One of the things which is interesting today is the Etowah River. A river which starts up in Dahlonega, Georgia and is located in Lumpkin County. It runs pretty close to 98 miles from the start until it flows into the Allatoona Lake in Canton, GA. Most of the information online is from me or my people with the statistics for the Etowah River, so they are the most accurate numbers you will find, compared to other estimates online for the Etowah River. This river has proven to be a rich source of gold and has almost carved a path through the middle of the Georgia Gold Belt.

In Cherokee County, you have a rich history of gold being found to the north in the Franklin Gold Mines and around the Creighton Gold Mines. While in the south you have the Sixes Gold Mines which proved to have gold in the southern end of the county. All of this gold being found in the north and in the south, sorta made the central part of Cherokee County gold-less or free of gold. I wanted to learn what made these two areas so rich for gold and why the land in between was like a ghost town for gold prospecting.

It didn’t take long to find an answer to my gold questions in Cherokee County. The reason no gold has ever been found in between, the discoveries to the north and the gold found down to the south, was because no one had ever tried to look for it. The town of Canton had too many other things going on and other business avenues were being pursued. Many of the folks living just to the North of Canton didn’t have much else to do, other than to look for gold. The same was true in the Sixes area and how gold was discovered there. There are a couple of public mining projects that have taken place in Canton or very near, but not a lot of information can be found.

La Belle Mine – Cherokee County

Most people will quickly push the Le Belle Mine in Canton as part of the Sixes Mines just to the south of these mines. I wouldn’t, because there is more gold veins in this area discovered and undiscovered; than you can find up in the Auraria area of Georgia, which still holds a fair share of the shinny yellow metal. This gold is in veins and does required to be mined out. Not real easy to access this gold, but a few creeks in the area offer small flakes of placer gold deposits, for anyone that has the time to scoop up the small stuff. Also, this area produces a much more pure form of gold than any where else in the state or it would appear to offer it, based on public records and knowledge of the area.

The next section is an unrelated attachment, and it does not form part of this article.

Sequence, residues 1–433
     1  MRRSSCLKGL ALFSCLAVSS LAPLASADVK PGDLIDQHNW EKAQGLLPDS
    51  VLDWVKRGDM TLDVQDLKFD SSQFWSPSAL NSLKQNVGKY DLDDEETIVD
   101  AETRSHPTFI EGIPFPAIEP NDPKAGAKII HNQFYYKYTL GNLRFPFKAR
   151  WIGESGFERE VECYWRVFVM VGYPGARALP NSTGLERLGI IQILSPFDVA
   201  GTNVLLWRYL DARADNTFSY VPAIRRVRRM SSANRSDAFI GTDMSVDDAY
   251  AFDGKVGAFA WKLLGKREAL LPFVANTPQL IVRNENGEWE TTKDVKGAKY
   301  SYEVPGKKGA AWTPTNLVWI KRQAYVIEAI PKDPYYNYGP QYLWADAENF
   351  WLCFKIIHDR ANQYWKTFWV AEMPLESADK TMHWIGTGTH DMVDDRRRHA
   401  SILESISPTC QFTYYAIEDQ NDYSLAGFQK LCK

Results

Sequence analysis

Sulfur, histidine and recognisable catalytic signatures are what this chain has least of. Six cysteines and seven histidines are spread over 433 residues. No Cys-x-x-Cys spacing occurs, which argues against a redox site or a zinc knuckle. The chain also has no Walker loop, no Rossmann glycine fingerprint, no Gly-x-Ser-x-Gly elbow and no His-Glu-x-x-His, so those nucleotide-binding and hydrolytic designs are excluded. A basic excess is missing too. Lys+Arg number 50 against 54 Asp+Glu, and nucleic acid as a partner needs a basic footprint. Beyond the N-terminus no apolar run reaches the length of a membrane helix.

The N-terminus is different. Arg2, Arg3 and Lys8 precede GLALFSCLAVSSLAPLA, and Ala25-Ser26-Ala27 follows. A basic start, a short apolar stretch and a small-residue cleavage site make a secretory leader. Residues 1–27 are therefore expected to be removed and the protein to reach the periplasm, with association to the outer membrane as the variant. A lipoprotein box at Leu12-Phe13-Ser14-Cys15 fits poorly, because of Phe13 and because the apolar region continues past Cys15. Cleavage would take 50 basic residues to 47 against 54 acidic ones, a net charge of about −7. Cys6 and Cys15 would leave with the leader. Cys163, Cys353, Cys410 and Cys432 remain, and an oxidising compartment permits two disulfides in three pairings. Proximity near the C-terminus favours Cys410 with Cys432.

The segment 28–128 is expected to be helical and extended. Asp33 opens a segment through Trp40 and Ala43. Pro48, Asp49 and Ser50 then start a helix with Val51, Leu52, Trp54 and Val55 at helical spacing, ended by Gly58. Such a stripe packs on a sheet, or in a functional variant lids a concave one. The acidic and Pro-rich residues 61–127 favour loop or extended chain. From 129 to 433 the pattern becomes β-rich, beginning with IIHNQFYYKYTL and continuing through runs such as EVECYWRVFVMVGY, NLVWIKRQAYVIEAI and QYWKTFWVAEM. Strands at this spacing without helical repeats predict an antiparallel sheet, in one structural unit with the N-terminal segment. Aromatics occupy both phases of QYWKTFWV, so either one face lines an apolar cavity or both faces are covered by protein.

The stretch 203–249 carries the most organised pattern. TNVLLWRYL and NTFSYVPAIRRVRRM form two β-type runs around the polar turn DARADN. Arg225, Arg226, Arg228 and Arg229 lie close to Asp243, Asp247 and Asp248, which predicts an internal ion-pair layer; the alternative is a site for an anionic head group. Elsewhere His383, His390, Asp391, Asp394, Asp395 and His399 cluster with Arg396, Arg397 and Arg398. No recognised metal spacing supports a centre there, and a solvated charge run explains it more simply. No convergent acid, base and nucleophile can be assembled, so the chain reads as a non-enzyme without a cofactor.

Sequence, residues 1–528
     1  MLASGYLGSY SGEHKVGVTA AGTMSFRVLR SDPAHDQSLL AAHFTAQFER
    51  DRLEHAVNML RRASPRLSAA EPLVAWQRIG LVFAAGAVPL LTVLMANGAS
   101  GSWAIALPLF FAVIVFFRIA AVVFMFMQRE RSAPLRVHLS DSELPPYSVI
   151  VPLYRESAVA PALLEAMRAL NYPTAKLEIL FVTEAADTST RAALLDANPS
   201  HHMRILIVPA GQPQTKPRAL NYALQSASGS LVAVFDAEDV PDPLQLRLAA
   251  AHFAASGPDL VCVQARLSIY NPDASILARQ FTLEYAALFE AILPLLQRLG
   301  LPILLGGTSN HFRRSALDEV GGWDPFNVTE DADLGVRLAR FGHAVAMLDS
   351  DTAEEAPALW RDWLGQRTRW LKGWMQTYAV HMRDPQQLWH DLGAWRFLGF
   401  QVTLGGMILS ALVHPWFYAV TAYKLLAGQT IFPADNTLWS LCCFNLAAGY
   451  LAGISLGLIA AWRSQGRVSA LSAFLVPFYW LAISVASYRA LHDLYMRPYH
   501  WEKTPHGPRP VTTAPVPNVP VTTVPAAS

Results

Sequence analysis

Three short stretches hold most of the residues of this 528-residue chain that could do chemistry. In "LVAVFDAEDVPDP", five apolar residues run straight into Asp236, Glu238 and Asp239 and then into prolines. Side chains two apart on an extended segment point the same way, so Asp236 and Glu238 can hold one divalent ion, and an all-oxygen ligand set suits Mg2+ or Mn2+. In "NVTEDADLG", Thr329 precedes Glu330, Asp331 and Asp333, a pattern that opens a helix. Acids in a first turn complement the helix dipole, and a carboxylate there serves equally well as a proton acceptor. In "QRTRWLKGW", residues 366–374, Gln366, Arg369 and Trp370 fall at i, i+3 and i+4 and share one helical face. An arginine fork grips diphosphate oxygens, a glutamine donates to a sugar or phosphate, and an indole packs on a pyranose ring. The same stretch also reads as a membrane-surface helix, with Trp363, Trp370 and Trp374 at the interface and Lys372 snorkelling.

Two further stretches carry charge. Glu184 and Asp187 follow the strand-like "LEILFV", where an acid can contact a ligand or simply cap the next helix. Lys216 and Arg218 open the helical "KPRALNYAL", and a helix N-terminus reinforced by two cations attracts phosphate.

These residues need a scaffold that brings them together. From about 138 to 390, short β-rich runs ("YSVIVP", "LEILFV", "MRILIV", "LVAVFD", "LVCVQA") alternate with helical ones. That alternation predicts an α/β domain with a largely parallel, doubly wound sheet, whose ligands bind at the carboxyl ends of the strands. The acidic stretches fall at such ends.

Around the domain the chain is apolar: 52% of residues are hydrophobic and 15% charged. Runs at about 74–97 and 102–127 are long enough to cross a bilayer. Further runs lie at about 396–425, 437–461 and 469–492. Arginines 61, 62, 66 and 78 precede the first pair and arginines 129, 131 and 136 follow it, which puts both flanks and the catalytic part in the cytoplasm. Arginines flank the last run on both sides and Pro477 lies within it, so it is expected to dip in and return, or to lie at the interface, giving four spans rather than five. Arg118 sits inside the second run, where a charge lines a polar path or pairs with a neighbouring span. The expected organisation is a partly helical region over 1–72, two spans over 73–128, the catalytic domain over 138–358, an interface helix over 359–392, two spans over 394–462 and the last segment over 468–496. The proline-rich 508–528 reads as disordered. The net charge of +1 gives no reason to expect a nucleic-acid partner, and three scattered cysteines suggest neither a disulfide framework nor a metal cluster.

Canton Mining Works was another company in the area that did blast mining; which was an advance form of hydraulic mining in the 1850 – 1860 mining era in Canton, Georgia. They would take a network of shafts that would run hundreds of feet long. Some would go down about 200 feet and they would take gunpowder or dynamite and blast material away, inside these underground shafts. The Canton Mining Works was one of the largest crews around who were using these blast mining techniques. All in an effort to find the heavy deposits of gold in and around Canton, Ga.

A new 2010 mining operation is about to begin in North Canton and not too far from the Canton Lake. This company out of Chicago is preparing to mine coal out of a 1,084 acre farmland property; that just lies about 1  1/2 miles northeast of the Canton Lake. Coal may not be the only thing that gets discovered at this mine. If these miners have a keen eye and know what to look for, there is a good chance they will run into some gold, running through some of the underground rocks in North Canton.